Friday, 30 September 2011

Norwegian Red Cross sent a team to Israel to learn to cope with post traumatic stress disorder after 22/7, but tried to keep it out of the media since could be seen as controversial

"Israel has an experience of treating terror victims, which I hope we never will have. It was they who contacted us and wanted to do something for Norway. What they have contributed with during this course is fantastic." (Sissel Alvheim Dubrefjord)

See also: The double standards and selective silence of the Norwegian Red Cross (Sept. 2010)

Typical behaviour of many European NGOs.

Source: Norway Israel and the Jews

Dagen broke the story that the Norwegian Red Cross sent a team of 25 first aid workers whose difficult task it was to go to the rescue on 22/7 at Utøya [Norway carnage and Israel, by Manfred Gerstenfeld].

Many have struggled with difficult memories and harrowing images, so the Israeli sister organization, the Magen David Adom, offered a course on how to cope in the wake of disaster:

Utøya-crew learn to cope with terrorism in Israel, by John Soslvik

25 of the Red Cross crew members who joined the rescue teams after the Utøya tragedy this summer, participated in a course on how to cope with trauma, in Israel this week. "We understand what they have gone through and know that they need a lot of professional help", says Asaf Ovadia (27).

The Israeli branch of the Red Cross, Magen David Adom, invited the Norwegians and pays travel and accommodation expenses. Israel has the last 30 years built up an outstanding team of experts in the treatment of traumas and post-traumatic syndrome, and the Norwegians have had a week of intensive training in the processing of their own experiences and how to help others in similar situations.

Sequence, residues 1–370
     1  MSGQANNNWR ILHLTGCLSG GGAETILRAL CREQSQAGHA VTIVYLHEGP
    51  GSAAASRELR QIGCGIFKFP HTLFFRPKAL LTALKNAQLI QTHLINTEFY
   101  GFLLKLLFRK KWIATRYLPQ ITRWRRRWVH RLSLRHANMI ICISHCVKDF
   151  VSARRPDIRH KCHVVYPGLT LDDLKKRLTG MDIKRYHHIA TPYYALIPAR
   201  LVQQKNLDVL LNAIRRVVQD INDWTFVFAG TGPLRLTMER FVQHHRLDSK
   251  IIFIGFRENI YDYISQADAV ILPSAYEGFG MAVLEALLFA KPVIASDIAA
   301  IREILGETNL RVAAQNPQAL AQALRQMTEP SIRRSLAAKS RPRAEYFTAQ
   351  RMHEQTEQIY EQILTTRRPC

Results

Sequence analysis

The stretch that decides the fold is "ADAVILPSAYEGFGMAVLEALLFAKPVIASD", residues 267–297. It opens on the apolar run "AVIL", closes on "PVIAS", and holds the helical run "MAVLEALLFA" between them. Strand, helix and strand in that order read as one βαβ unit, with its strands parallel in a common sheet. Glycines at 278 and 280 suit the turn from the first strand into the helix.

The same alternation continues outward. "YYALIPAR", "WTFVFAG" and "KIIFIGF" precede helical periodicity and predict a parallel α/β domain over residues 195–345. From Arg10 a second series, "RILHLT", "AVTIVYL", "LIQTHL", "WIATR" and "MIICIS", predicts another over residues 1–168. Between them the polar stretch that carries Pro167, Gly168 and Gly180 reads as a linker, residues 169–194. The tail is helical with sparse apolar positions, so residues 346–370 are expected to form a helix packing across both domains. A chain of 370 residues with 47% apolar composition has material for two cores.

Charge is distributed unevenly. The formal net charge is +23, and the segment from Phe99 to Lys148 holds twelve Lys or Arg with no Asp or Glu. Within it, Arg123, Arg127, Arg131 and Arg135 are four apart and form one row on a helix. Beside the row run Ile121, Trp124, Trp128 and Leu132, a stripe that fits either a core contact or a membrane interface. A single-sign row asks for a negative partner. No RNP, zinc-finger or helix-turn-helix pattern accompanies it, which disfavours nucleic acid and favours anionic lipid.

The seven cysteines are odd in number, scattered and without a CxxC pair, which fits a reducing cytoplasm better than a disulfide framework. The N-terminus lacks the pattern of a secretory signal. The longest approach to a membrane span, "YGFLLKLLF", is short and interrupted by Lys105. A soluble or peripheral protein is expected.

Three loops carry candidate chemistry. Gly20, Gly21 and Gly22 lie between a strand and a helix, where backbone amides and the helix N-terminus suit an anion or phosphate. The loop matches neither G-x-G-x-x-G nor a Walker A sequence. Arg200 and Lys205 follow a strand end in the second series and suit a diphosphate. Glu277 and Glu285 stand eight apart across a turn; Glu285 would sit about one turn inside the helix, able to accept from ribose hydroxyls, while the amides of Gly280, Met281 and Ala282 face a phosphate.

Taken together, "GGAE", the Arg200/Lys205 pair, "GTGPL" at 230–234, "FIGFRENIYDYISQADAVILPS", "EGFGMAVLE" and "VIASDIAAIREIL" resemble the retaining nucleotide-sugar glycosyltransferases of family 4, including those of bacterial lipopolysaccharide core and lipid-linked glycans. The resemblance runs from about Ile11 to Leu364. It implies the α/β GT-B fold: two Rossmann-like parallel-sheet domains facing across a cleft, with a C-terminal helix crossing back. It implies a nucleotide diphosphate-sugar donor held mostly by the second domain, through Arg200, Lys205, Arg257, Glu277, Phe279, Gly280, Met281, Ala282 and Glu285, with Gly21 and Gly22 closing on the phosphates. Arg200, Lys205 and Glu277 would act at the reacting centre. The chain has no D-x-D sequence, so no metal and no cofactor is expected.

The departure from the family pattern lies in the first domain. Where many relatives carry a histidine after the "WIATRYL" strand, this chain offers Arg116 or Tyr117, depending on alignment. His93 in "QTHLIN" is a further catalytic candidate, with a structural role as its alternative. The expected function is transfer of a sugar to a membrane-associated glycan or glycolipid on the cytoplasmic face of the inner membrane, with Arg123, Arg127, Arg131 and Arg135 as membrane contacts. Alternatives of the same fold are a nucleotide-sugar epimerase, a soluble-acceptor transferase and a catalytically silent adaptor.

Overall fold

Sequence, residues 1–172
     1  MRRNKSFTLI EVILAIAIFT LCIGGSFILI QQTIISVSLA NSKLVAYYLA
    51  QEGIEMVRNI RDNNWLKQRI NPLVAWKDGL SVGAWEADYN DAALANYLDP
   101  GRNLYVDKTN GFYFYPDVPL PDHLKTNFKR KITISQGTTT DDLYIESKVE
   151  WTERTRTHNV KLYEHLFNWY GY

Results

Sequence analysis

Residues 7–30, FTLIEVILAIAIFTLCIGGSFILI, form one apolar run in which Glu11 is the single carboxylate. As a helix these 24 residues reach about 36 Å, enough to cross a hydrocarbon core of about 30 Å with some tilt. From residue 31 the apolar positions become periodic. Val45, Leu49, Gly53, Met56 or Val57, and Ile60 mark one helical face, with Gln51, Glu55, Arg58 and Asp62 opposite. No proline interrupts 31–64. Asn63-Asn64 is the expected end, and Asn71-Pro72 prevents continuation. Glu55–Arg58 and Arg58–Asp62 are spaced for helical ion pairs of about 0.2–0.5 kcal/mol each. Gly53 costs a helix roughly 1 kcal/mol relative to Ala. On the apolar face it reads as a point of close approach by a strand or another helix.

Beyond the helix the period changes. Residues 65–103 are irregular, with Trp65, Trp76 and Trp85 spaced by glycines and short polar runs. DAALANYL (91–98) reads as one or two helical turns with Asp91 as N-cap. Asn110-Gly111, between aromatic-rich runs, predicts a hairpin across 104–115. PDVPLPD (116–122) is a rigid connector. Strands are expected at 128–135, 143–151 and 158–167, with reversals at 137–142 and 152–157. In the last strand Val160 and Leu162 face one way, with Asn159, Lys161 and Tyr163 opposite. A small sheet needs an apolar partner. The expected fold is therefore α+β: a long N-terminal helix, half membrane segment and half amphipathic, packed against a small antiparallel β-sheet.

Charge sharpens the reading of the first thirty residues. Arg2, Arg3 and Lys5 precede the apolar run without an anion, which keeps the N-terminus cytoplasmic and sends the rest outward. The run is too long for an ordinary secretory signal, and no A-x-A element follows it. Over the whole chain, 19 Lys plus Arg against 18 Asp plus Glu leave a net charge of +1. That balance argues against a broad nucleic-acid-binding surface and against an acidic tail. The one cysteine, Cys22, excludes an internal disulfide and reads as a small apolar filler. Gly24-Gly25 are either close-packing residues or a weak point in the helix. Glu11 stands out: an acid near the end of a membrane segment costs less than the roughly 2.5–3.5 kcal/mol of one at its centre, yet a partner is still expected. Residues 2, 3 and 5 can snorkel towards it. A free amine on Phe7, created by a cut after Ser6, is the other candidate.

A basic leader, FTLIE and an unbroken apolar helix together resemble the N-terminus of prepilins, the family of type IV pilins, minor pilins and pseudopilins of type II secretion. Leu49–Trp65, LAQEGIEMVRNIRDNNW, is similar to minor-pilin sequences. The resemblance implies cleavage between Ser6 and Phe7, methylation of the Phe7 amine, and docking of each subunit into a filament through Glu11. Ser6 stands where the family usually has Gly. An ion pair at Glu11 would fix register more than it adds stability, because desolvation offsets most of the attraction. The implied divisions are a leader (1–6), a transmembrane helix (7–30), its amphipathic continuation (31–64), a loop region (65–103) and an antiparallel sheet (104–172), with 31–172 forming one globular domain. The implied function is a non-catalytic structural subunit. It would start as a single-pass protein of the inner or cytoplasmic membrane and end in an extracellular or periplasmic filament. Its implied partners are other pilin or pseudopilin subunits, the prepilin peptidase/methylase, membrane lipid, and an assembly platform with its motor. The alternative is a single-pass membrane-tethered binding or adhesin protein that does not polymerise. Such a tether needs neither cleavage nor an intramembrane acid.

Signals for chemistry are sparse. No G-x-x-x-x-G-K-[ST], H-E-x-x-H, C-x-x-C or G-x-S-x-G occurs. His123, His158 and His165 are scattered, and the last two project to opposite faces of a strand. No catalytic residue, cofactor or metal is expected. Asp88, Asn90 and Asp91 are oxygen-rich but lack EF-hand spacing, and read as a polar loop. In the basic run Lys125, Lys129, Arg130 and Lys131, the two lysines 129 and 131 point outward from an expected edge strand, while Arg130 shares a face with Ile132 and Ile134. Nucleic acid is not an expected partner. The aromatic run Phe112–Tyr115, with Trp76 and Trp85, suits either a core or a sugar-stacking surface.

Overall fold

Red Cross in Norway has not gone public about the course in Israel. Grete Berdal of the Red Cross secretariat says this is normal procedure.  "This is an invitation from a sister organization that we have accepted. There is an exchange of professional knowledge, and we usually do not inform the press about such courses", says Berdal.

Other participants in the course confirms that the Norwegian Red Cross has deliberately adopted a low profile viz Norwegian media, regarding the course in Israel.

Tremendous impression
Nurse Asaf Ovadia of Magen David Adoma says the tragedy in Norway made ​​a tremendous impact. "It hurt to see the horror of the gruesome attacks you experienced, and this, in a country that is not involved in a conflict with others. We felt with you, and personally I thought of the many people who helped during Utøya tragedy. We know that it is very necessary to offer treatment for rescue crews who experienced such horrible things", says Asaf Ovadia.

He said Israel has long experience and possess a lot of knowledge on how rescue personnel need help to process the experience and move on after terrorist attacks and assaults.  "We are perhaps the only country in the world who really understands what they have gone through. In this course we share our knowledge with our friends from Norway", Ovadia says.


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